Falls Prevention Horizon Scanning Bulletin Volume 7 Issue 5

17/05/2017
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Home and community based occupational therapy improves functioning in frail older people: a systematic review

17/05/2017

Source: Journal of the American geriatrics Society

Follow this link for the abstract

Date of publication: 3rd April 2017

 Publication type: Journal article

In a nutshell: The objective of this study is to assess the effectiveness of occupational therapy to improve performance in daily living activities in community-dwelling physically frail older people.

 Length of publication: 7 pages

Some important notes: Please contact your local NHS Library for the full text of the article. Follow this link to find your local NHS Library.

 


Trust to ‘pimp’ walking frames to try and reduce falls

17/05/2017

Source: Nursing Times

Follow this link for the abstract 

Date of publication: 7th April 2017

 Publication type: Journal article

In a nutshell: One page

 Length of publication: The aim of the new programme is to create a culture where older patients take more ownership of their frames, encouraging them to use them rather than leave them by the bedside, said the trust.

Some important notes: Please contact your local NHS Library for the full text of the article. Follow this link to find your local NHS Library.

 


How to reduce falls: essential reading

17/05/2017

Source: Nursing Times

Follow this link for the abstract

Date of publication: 4th April 2017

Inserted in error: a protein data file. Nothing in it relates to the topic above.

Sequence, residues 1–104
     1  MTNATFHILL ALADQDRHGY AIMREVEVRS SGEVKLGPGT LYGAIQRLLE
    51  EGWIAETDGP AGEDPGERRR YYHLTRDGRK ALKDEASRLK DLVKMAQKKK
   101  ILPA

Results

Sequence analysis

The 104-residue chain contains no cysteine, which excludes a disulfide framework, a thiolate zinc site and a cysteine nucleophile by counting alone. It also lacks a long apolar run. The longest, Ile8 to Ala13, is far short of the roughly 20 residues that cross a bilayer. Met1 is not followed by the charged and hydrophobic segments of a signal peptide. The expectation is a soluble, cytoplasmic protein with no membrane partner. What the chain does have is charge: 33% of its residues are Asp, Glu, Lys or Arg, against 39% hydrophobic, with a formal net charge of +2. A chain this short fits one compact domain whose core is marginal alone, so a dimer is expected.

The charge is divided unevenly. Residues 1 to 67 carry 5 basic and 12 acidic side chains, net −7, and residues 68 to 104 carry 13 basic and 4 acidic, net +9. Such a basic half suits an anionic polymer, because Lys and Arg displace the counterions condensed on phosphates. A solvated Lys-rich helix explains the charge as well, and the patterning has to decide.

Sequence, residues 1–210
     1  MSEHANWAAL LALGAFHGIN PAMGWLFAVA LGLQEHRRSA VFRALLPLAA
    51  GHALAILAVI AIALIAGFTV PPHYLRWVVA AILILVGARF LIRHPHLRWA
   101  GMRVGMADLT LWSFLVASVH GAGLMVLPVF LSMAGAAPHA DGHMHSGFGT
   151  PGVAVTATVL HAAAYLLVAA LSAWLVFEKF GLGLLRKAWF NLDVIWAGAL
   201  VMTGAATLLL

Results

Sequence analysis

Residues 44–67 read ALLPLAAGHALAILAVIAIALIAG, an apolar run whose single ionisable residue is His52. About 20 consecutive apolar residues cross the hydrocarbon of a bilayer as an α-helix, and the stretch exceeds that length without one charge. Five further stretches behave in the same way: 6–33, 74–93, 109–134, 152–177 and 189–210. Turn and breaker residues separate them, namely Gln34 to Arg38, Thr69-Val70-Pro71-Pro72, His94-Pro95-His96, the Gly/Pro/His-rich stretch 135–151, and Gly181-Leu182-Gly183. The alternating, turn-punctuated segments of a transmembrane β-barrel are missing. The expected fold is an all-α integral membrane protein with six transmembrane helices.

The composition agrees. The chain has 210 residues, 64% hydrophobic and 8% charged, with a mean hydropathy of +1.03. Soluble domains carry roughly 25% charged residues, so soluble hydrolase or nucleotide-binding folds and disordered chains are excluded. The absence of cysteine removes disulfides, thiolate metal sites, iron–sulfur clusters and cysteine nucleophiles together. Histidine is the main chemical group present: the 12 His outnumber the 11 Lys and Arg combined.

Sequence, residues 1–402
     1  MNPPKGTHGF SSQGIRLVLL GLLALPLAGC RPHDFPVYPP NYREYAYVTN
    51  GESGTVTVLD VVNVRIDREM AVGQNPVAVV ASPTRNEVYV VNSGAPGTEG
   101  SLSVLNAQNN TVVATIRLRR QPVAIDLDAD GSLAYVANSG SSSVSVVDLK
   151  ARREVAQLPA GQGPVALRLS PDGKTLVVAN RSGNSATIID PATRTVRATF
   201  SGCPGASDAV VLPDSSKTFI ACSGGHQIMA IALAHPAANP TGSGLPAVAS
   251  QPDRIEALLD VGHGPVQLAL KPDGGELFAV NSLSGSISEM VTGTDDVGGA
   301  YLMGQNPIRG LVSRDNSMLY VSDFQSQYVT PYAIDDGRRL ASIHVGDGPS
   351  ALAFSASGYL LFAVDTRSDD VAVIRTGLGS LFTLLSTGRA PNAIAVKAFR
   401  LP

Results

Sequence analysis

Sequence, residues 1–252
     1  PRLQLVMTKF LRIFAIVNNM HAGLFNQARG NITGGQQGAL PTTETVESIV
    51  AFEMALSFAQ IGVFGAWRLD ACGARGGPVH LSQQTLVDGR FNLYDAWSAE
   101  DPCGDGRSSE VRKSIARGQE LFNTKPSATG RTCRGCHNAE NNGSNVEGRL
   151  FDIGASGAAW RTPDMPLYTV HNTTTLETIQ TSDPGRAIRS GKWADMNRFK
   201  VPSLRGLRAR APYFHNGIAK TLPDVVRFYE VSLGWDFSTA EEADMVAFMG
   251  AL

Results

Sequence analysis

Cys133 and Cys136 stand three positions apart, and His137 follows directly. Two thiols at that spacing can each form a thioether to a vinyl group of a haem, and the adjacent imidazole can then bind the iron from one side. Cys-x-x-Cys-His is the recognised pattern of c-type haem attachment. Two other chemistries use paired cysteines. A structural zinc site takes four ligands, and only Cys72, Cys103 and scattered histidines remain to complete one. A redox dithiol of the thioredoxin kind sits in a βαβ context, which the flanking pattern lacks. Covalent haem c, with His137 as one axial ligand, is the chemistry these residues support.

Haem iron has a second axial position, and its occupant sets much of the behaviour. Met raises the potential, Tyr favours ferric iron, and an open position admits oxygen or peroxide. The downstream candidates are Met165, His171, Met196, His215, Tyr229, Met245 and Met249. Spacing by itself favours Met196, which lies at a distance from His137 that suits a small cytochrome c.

Publication type: Editorial 

In a nutshell: One in two women and one in five men over the age of 50 experience fractures, mostly as a result of low bone density.

 Length of publication: One page

Some important notes: Please contact your local NHS Library for the full text of the article. Follow this link to find your local NHS Library.

 


Slow processing speed predicts falls in older adults with a falls history: 1-year prospective cohort study

17/05/2017

Source: Journal of the American Geriatrics Society 

Follow this link for the abstract

Date of publication: 8 April 2017

 Publication type: Journal article

In a nutshell: A previous fall is a strong predictor of future falls. Recent epidemiologic data suggest that deficits in processing speed predict future injurious falls. Our primary objective was to determine a parsimonious predictive model of future falls among older adults who experienced ≥1 fall in the past 12 months based on the following categories: counts of (1) total, (2) indoor, (3) outdoor or (4) non-injurious falls; (5) one mild or severe injury fall (yes vs no); (6) an injurious instead of a non-injurious fall; and (7) an outdoor instead of an indoor fall.

 Length of publication: 8 pages

Some important notes: Please contact your local NHS Library for the full text of the article. Follow this link to find your local NHS Library.

 


Using Tai Chi to reduce fall risk factors among older adults: an evaluation of a community-based implementation

17/05/2017

Source: Journal of Applied Gerontology

Follow this link for the abstract 

Date of publication: 11th April 2017

 Publication type: Journal article

In a nutshell: This study aimed to evaluate a community-based implementation of an evidence-based fall prevention program, in which 131 individuals participated in Tai Chi: Moving for Better Balance. Self-report and functional performance assessments included demographics, health and fall history, the Activities-Specific Balance Scale, the Timed Up and Go test, and the Functional Reach test. Pre–post scores were compared with the Wilcoxon signed rank test. The mostly female participants were 73 years old, on average. At baseline, 18% reported being afraid or very afraid of falling, and 18% had fallen in the past 6 months. At follow-up, there was significant improvement in Timed Up and Go (p < .001), Functional Reach (p < .01), and Activities-Specific Balance Scale scores (p < .01). These results demonstrate that a 12-week evidence-based Tai Chi program can be feasibly implemented by novice instructors, is well-received by older adults, and can effectively reduce fall risk when implemented in community settings.